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Showing posts from August, 2016

Saying goodbye and reflecting on lessons from the field

Last week I said goodbye to the National Crops Resources Research Institute (NaCRRI) where I have spent the last three months learning about Cassava brown streak disease (CBSD). I’m currently in the second year of my PhD at the University of Bristol, where I’m researching how CBSD viruses cause symptoms, replicate and move inside plants.

Cassava is a staple food crop for approximately 300 million in Africa. However cassava production is seriously threatened by CBSD, which causes yellow patches (chlorosis) to form on leaves and areas of tubers to die (necrosis), rot and become inedible. CBSD outbreaks are currently impacting on the food security of millions of cassava farmers in east Africa and it appears to be spreading westward, threatening food security in many countries.

I decided that I wanted to experience the problem for myself, see the disease in the field, meet the farmers affected and understand the different solutions. I am so pleased that I decided to visit NaCRRI; a govern…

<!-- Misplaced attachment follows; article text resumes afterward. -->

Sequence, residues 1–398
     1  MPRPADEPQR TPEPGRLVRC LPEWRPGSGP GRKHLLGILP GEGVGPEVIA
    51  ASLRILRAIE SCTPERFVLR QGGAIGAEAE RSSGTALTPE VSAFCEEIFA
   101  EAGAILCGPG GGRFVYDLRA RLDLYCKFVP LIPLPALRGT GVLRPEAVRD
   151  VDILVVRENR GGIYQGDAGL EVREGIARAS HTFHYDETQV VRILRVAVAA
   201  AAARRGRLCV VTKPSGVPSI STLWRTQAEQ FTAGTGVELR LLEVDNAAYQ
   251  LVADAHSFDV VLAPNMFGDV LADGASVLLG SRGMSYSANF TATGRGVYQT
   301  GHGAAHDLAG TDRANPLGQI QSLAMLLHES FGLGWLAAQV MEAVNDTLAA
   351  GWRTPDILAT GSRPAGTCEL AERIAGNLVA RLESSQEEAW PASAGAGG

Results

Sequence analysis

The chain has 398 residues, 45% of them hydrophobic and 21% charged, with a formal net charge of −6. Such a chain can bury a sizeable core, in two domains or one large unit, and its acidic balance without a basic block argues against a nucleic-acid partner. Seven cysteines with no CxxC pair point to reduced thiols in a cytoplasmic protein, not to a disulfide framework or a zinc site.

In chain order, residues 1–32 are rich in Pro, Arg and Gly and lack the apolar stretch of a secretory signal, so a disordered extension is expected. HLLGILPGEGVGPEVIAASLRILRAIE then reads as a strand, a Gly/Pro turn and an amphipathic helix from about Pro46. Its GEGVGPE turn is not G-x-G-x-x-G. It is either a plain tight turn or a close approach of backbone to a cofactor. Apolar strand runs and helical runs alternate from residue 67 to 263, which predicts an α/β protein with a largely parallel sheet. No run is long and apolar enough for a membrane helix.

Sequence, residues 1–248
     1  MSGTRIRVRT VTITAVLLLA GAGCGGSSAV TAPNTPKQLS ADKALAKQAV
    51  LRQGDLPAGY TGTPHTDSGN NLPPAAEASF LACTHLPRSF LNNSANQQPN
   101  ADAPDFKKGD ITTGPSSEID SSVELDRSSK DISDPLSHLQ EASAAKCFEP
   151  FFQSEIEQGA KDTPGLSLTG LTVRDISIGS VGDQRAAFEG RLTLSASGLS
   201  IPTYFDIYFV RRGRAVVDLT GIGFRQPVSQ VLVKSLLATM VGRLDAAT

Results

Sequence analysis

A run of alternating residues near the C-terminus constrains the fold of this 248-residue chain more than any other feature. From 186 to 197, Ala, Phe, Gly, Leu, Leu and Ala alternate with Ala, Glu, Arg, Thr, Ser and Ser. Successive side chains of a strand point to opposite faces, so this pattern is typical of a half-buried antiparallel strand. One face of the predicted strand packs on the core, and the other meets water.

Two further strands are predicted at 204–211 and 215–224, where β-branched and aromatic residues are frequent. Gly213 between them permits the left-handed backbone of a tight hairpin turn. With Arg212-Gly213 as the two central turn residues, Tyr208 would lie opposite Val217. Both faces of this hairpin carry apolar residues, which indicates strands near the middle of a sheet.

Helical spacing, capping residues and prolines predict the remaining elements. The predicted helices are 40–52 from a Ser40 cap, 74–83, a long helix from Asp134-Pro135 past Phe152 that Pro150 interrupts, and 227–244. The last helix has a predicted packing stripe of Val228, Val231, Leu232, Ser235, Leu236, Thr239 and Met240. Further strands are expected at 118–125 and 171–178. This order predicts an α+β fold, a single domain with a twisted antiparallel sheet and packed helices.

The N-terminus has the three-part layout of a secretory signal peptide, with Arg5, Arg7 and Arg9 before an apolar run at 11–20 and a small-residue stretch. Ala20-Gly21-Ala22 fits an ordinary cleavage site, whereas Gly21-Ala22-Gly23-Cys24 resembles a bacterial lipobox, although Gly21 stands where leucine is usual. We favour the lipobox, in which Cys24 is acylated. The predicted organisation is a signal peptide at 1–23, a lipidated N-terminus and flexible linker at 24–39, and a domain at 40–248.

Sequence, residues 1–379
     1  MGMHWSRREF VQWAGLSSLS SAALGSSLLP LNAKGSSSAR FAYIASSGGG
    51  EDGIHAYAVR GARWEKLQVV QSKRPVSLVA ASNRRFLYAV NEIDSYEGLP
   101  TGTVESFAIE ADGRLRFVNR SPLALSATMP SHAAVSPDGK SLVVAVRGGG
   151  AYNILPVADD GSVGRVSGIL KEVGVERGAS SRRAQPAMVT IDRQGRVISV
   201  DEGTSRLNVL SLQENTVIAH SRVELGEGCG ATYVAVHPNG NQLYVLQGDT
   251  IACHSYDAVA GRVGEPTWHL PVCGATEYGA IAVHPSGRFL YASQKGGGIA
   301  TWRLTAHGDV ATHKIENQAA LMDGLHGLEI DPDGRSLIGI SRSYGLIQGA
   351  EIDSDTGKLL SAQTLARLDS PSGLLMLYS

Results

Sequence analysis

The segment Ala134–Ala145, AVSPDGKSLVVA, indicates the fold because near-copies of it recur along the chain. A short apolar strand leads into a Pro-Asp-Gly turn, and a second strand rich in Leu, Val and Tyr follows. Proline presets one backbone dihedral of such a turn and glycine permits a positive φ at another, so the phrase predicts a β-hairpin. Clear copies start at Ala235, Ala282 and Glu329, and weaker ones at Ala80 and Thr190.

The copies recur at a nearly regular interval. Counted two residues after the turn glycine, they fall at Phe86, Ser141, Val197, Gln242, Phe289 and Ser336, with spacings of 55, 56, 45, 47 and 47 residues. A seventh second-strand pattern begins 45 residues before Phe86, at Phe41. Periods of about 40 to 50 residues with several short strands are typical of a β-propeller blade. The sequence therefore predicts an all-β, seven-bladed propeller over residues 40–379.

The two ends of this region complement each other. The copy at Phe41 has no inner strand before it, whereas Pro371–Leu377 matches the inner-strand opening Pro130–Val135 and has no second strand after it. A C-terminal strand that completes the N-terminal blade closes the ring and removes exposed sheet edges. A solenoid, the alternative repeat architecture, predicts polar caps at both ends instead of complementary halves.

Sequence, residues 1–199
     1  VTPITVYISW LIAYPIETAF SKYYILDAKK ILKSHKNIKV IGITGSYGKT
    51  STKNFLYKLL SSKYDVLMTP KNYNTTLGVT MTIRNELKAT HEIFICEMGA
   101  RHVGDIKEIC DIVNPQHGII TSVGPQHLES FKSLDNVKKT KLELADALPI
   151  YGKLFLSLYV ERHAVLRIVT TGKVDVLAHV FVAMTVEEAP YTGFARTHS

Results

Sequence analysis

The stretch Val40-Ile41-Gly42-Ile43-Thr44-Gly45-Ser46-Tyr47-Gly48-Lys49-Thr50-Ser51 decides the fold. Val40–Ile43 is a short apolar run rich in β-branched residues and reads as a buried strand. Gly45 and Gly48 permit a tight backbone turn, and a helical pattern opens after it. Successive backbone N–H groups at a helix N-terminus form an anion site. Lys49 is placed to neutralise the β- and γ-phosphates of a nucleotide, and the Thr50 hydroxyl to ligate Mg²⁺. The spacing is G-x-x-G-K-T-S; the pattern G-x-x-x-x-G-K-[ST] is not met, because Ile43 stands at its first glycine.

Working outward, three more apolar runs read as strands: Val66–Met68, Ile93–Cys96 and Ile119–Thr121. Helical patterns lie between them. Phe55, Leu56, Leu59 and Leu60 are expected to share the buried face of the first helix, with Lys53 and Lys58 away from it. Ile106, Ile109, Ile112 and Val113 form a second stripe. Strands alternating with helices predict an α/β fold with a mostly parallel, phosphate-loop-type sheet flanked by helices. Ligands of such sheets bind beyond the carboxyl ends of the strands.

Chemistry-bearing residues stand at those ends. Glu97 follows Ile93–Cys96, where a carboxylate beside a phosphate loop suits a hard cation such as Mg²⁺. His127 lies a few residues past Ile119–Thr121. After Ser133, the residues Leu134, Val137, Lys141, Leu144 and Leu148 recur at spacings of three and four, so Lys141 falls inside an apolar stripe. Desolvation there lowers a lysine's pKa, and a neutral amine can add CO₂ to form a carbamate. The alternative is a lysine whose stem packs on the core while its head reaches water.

Paying a visit to the Plant Doctor in Uganda

Two weeks ago I organised a visit to a plant clinic in the Mukono district of central Uganda. The plant clinics are run by district local government extension staff with support from CABI’s Plantwise programme and offer a place where farmers can bring crop samples to get advice on how to prevent and cure diseases.

Why does Uganda need plant clinics?
It’s estimated that smallholder farmers loose 30 – 40% of their produce to plant health problems before harvest, which threaten food security, income and livelihoods. Ugandan farmers suffer heavily from pests and diseases, including maize stalk borer, wheat rust, banana bacterial wilt, coffee wilt and cassava viral diseases. The situation is always changing, as outbreaks of disease emerge and persist across the country.

Getting access to information is a challenge in rural settings. Often smallholder farmers have very little contact with extension workers and have no way of diagnosing diseases or finding solutions. The plant clinics provi…

Taking basic research to application: Using light quality to improve herb growth

Coriander is the UK’s top-selling culinary herb, an industry worth £18 million a year. However, maintaining high standards of product quality is expensive and can lead to lots of plants being rejected before they make it to supermarket shelves. One of the key objectives for the potted herb industry is the production of compact plants with dark green leaves, but the plants that consumers end up with often do not conform with this ideal and can appear leggy and weak.

Plants compete for light by growing taller